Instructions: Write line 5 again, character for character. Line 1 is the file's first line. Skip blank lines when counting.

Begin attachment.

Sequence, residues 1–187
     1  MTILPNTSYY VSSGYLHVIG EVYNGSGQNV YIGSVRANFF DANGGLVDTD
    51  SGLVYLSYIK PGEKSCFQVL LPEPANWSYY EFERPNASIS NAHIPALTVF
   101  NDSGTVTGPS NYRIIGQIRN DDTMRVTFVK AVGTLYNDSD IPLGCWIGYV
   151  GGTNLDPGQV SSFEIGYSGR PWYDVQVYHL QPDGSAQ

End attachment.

   151  GGTNLDPGQV SSFEIGYSGR PWYDVQVYHL QPDGSAQ